This cocktail is made with demi-sec champagne, which is a sweeter champagne, though not the sweetest. The bright citrus flavor and hint of tartness from the cranberry juice make it a good choice on a summer evening. The recipe makes a whole pitcher of cocktails.5-champagne-cocktails-perfect-for-your-next-gathering

Ingredients:

  • 1 orange, peeled and sliced
  • 2 cups cranberry juice, chilled
  • 1 bottle demi-sec champagne, chilled
  • 1/4 cup fresh cranberries

Place the sliced orange and the fresh cranberries in the bottom of a pitcher. Muddle them with a pestal or large spoon. Pour in the cranberry juice, followed by the champagne. Pour into champagne flutes to serve.

Strawberry and Pineapple Breeze

This cocktail boasts fresh flavors, but it’s not as sweet as you might assume, since it’s made with an extra dry champagne. The recipe makes one individual cocktail, but it’s easy to mix up these drinks one after another.

Ingredients:

  • 2 tablespoons strawberry puree
  • 1 ounce pineapple juice, chilled
  • 1 dash bitters
  • 4 ounces extra dry champagne, chilled

Pour the pineapple juice and bitters into a champagne flute, and add the champagne. Stir gently, and then pour the strawberry puree in gently. Serve before the puree has a chance to incorporate into the drink; this makes for a pretty presentation.

Old Fashioned Cognac Cocktail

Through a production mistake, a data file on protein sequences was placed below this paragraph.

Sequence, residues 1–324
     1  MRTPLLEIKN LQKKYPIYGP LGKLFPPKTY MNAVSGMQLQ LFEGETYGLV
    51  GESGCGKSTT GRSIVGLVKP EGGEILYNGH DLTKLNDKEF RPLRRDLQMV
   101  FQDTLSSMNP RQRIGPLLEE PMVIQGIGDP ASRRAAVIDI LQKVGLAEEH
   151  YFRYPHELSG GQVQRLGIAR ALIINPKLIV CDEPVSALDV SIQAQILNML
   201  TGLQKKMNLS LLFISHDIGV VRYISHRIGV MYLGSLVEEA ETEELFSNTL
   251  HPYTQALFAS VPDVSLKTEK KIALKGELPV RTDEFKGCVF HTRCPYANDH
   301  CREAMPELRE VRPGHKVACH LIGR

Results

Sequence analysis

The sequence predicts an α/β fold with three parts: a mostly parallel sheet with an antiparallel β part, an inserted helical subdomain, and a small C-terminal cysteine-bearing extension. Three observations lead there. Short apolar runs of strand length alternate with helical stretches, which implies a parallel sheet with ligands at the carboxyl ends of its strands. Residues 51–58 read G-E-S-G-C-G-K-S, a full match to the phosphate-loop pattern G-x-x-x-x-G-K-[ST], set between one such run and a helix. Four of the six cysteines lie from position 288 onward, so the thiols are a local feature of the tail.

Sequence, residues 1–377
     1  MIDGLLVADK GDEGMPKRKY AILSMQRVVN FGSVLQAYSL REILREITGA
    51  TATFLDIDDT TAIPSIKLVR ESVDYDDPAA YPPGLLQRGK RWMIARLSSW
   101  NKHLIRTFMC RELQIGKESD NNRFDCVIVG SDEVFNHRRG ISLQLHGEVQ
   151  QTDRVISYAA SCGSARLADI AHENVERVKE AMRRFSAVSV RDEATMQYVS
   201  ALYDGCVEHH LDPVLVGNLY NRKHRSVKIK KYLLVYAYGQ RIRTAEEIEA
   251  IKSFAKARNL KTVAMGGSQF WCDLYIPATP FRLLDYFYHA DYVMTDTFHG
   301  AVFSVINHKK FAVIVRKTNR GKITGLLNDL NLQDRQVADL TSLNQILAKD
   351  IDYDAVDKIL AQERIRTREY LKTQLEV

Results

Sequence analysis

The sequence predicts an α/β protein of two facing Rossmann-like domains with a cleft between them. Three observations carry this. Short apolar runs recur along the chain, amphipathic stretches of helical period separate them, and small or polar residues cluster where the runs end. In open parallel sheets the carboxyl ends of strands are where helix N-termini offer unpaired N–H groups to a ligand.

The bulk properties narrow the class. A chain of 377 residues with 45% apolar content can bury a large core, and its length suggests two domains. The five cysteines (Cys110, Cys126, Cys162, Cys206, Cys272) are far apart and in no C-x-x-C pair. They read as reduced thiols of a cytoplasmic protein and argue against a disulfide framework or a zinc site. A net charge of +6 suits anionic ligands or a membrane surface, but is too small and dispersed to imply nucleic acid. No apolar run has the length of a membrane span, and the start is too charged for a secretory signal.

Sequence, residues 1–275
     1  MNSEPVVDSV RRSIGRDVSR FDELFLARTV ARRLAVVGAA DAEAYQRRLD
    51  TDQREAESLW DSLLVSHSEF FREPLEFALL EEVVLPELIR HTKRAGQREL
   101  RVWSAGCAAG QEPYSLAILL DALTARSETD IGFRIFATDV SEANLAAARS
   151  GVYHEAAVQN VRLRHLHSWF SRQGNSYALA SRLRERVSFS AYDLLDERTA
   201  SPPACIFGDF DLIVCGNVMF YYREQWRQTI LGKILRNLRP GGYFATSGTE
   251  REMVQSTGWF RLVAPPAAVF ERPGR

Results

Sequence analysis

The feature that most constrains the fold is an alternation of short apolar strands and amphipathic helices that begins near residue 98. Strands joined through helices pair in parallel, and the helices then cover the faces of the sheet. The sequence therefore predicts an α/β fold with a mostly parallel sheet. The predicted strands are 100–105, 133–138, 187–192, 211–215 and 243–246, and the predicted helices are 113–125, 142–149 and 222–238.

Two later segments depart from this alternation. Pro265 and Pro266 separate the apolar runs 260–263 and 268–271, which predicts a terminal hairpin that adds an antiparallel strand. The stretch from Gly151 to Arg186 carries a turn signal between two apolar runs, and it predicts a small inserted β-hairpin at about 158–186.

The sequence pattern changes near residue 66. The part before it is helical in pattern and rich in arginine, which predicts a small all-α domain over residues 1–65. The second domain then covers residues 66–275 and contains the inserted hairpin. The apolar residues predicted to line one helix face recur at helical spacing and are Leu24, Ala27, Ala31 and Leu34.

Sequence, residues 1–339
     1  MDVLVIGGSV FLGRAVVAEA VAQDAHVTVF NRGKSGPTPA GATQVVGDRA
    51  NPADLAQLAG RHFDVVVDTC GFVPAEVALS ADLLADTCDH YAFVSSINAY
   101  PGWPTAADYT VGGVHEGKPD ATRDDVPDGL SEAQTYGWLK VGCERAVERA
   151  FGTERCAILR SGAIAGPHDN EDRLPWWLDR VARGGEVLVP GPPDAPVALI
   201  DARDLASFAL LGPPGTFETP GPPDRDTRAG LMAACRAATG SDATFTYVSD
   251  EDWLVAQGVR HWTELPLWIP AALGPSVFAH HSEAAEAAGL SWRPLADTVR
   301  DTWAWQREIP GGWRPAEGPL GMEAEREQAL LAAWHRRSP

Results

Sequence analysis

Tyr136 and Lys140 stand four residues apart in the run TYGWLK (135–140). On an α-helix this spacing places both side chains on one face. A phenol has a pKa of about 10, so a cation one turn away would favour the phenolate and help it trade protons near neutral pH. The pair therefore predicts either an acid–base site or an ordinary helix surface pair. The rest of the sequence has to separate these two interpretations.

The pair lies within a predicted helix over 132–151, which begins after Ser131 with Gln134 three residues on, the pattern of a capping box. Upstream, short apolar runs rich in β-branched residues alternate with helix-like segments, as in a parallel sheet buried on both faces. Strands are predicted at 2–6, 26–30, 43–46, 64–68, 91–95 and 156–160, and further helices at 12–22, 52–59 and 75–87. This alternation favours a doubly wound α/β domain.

If the occasion calls for something classy, mix up a round of these classic cognac cocktails. This recipe tends to appeal to an older crowd.
5-champagne-cocktails-perfect-for-your-next-gathering

Ingredients:

  • 4 ounces brut champagne, chilled
  • 1 ounce Cognac
  • 3 drops bitters
  • 1 sugar cube

Place the drops of bitters on the sugar cube, and place it in the bottom of a champagne glass. Pour the cognac into the glass, followed by the champagne.

Raspberry-Lemon Punch

This champagne cocktail is prepared like a punch. Make it in a large bowl, and let guests serve themselves in cute punch glasses. It’s great for a large party, as you can make 30 or more servings all at once.

Ingredients:

  • 1/2 cup raspberry liqueur
  • 1/4 cup lemon vodka
  • 1 quart orange juice
  • 1 quart lemonade
  • 2 bottles semi-sweet champagne
  • 1/2 cup raspberries
  • 1 lemon, sliced thinly

Combine the lemon vodka, raspberry liqueur, orange juice, and lemonade in a large punch bowl. Give the mixture a gentle stir, and then slowly add the champagne. Garnish the punch with the raspberries and lemon slices before setting it out for guests to help themselves.

Champagne Mint Julep

Another non-sweet champagne cocktail, this one is perfect for a formal dinner or high-class cocktail party. It calls for extra-brut champagne, which is the driest available. If you prefer a slightly less dry champagne, feel tree to use brut or extra dry.5-champagne-cocktails-perfect-for-your-next-gathering

Ingredients:

  • 3 – 4 mint leaves
  • 1 teaspoon superfine sugar
  • 1 shot bourbon
  • 4 ounces extra-brut champagne, chilled